“Let me see, vultno.” He hated when she called him fox, almost as much as when she called him Oliver. But she adored code names, especially for her little troupe. She had even given herself a name, the arula—keeper.
She removed her gloves and slid her finger along the surface, gasping as flesh met burning glass. Fawkes pulled the necklace back and stuffed it in his pocket.
“Not going to forget everyone, Twy.” Fawkes rolled his shoulders back and stood up straighter. “And I’m not stupid. You’ve even said not to trust you around shiny things.” Fawkes had known Twyla for five years, but it felt like much longer. And though his better judgment told him not to trust her, she’s a performer, never believe a performer, he couldn’t help but do just that. She’d gotten him a job when he needed it most, and though that job had been trouble the moment he’d started, at least it had nothing to do with the Oubliette. He’d die a slow, torturous death before he’d fall into work like that. Lucky for him, working for Twyla didn’t cause too much trouble for people. Stealing wasn’t slavery, right?
He’d been twelve when he’d first stumbled into Central, fresh off the docks. A boy with nothing, a boy who was nothing. A buzzing crowd had gathered not too far away, and when Fawkes had finally pushed through all those people, he’d seen Twyla dancing. All around her were signs announcing the Scarlett Daggers dance troupe, but all Fawkes saw was her. She moved in a flash of reds and oranges, crackling purple flames beneath her feet. She was twirling through it, yet it never once burned her.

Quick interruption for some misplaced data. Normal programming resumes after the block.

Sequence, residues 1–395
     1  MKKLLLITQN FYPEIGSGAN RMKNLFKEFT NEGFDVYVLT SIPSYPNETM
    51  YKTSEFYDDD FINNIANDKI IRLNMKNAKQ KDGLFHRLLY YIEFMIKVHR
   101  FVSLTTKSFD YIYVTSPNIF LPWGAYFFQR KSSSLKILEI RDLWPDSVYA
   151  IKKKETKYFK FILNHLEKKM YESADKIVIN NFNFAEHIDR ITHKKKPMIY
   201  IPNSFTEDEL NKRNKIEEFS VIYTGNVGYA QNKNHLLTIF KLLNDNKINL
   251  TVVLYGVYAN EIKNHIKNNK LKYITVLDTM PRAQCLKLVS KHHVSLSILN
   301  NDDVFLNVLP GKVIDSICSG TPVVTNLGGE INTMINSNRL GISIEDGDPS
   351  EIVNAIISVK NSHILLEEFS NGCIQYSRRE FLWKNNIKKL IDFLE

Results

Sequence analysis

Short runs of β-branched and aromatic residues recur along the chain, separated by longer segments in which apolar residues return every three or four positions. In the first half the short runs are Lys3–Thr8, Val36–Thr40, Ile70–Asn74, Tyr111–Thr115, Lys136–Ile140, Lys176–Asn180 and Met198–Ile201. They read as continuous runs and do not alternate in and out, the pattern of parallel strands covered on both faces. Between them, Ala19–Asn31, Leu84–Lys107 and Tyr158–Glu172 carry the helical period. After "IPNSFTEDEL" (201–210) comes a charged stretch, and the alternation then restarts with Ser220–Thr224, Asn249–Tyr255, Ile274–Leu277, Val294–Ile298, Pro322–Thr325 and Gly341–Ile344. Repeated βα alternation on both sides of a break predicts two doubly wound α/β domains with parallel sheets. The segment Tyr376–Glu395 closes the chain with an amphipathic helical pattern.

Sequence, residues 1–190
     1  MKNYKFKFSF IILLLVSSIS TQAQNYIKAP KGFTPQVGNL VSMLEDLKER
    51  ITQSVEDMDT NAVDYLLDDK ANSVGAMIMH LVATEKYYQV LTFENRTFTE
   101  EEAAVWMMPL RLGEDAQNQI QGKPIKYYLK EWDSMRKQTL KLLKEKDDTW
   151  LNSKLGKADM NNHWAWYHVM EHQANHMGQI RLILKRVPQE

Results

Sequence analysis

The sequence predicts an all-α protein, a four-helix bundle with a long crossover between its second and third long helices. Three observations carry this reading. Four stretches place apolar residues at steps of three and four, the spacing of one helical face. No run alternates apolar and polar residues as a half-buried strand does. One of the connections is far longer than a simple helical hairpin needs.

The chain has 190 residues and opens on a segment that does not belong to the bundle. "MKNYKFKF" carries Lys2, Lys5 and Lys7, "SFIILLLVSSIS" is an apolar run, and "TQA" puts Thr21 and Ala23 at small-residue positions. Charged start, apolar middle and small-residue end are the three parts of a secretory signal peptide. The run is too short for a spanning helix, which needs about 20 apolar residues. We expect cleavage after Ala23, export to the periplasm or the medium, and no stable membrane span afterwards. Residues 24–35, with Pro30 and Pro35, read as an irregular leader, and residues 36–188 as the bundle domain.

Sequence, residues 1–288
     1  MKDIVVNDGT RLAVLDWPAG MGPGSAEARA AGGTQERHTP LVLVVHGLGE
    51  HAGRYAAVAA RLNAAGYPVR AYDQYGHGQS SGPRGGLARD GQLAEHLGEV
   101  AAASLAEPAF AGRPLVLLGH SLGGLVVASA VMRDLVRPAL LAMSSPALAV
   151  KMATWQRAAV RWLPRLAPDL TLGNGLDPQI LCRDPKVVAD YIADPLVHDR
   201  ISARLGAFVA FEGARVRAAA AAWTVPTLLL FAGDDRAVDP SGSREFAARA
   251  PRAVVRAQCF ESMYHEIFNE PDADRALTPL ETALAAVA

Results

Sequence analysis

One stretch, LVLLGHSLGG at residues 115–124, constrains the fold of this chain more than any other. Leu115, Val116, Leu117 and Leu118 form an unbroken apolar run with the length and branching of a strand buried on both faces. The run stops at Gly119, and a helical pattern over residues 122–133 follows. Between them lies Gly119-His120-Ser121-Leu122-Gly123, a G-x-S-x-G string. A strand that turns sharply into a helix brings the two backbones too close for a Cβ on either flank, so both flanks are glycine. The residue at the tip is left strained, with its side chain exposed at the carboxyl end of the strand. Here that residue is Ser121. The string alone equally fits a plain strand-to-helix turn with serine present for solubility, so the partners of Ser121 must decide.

Magic, Fawkes thought in awe.
He noticed she never once took her eyes off him. Almost in the next breath, she spiraled closer until she was within an arm’s length of him. But while Twyla twirled around him, he realized something else. Someone was attempting to steal from him. It wasn’t that Fawkes felt it. No, he heard the guy breathing, the slight hitch in his breath as he slid his hand into Fawkes’s jacket and nearly took the only piece of coin Fawkes had on him.